Camp Director

Adam Clark, Head Football Coach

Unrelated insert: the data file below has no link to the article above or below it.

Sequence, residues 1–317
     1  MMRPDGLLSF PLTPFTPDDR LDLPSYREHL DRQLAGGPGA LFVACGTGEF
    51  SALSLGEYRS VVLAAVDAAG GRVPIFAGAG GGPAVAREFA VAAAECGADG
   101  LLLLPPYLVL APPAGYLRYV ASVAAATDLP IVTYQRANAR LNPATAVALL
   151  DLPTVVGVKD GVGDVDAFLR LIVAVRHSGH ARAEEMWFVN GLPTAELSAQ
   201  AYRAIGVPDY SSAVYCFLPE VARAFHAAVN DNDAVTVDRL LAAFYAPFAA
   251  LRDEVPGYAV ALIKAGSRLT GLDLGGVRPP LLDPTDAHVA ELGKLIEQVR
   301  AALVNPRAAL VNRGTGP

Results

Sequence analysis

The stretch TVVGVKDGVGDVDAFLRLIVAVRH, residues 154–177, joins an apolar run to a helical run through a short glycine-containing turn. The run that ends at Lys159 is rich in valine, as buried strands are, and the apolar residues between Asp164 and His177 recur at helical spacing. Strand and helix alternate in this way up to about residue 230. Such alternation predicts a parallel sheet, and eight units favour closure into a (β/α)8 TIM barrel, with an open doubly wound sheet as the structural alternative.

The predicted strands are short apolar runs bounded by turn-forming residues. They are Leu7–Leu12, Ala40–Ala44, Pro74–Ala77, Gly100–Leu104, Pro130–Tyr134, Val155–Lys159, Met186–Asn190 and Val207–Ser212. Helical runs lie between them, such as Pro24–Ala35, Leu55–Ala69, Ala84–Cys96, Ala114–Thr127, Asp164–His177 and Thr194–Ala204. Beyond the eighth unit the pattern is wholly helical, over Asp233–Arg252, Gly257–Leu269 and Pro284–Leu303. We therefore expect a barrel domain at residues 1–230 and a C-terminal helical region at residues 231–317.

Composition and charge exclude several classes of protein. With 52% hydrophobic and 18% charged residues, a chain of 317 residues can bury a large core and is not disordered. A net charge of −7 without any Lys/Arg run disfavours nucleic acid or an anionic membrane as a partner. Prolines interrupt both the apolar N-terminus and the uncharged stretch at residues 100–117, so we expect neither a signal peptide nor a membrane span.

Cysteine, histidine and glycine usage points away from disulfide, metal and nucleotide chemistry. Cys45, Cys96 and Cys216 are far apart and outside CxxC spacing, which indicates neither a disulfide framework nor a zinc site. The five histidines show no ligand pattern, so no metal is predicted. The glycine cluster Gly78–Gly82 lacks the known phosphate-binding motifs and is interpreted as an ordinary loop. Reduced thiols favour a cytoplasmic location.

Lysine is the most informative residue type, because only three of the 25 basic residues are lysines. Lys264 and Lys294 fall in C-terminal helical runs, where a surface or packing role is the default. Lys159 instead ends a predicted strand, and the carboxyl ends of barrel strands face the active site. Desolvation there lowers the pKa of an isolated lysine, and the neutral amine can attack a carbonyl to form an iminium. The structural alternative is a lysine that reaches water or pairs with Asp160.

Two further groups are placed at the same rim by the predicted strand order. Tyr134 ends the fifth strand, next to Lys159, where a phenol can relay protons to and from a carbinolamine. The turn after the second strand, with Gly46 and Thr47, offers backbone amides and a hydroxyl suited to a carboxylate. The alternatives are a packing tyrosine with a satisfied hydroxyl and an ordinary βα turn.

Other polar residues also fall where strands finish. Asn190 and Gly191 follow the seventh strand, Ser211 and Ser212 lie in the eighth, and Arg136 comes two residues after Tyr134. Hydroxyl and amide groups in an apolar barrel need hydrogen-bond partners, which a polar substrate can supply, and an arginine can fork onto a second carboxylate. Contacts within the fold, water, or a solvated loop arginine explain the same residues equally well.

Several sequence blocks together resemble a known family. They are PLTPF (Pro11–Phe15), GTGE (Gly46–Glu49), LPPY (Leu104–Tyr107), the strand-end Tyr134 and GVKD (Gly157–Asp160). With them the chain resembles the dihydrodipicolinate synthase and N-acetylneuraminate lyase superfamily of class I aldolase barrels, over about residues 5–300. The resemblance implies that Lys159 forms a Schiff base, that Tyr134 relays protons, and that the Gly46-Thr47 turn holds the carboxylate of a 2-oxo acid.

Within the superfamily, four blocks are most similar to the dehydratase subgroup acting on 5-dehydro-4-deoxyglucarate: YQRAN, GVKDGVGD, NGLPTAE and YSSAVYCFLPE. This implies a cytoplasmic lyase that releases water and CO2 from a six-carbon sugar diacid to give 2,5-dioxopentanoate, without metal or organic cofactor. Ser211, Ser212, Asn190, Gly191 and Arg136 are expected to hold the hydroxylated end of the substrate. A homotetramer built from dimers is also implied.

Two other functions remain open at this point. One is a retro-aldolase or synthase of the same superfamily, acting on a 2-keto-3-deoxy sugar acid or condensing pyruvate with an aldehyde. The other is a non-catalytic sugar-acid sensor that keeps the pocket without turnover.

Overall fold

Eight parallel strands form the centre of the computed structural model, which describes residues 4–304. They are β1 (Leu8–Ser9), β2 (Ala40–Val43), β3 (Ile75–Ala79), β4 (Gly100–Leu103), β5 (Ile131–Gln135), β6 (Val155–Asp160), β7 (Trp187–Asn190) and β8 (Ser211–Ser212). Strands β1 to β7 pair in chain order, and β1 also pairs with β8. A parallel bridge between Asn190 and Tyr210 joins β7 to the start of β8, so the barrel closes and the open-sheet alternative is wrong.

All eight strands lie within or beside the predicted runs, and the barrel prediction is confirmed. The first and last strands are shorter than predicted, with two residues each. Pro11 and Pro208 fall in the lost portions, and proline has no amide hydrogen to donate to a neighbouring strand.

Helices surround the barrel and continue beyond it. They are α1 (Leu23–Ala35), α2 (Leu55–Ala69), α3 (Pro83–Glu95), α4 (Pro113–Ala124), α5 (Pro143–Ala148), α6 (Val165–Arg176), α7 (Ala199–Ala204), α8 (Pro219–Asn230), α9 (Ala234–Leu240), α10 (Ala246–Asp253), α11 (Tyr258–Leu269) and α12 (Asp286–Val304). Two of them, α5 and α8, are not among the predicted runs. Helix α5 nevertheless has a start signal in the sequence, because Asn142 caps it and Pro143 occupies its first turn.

Coach Adam Clark enters his eighth year at WNMU in 2017 and is third in the school's history in victories with 29. Although the 2016 Mustangs only recorded three victories, they showed that they could compete with the top teams in their first season in the Lone Star Conference. WNMU went down-to-the-wire with national contenders Tarleton State, Texas A&M-Commerce, Texas A&M-Kingsville and West Texas A&M. The Mustangs claimed a victory over Angelo State, a team that was just a few years removed from winning the LSC title. Senior wide receiver Xavier Ayers was named the LSC Receiver of the Year, along with many other national accolades. Javia Hall threw for nearly 3,000 yards and 24 touchdowns in his first year under center, while Dominic Barry led the defense with 103 tackles, 7.5 for loss and a pair of sacks. Nationally, WNMU finished 17th in net punting (36.70), 28th in passing offense per game (290), 42nd in turnover margin (0.45) and 38th in turnovers gained (25). WNMU tied or led the LOSC in blocked punts allowed (0), fumbles lost (7) and net punting. He also moved back in charge of the defense as the defensive coordinator during the 2016 season as his defense tallied 60 tackles for loss, 17 sacks, 14 interceptions, 51 passes broken up, 26 quarterback hurries and nine forced fumbles.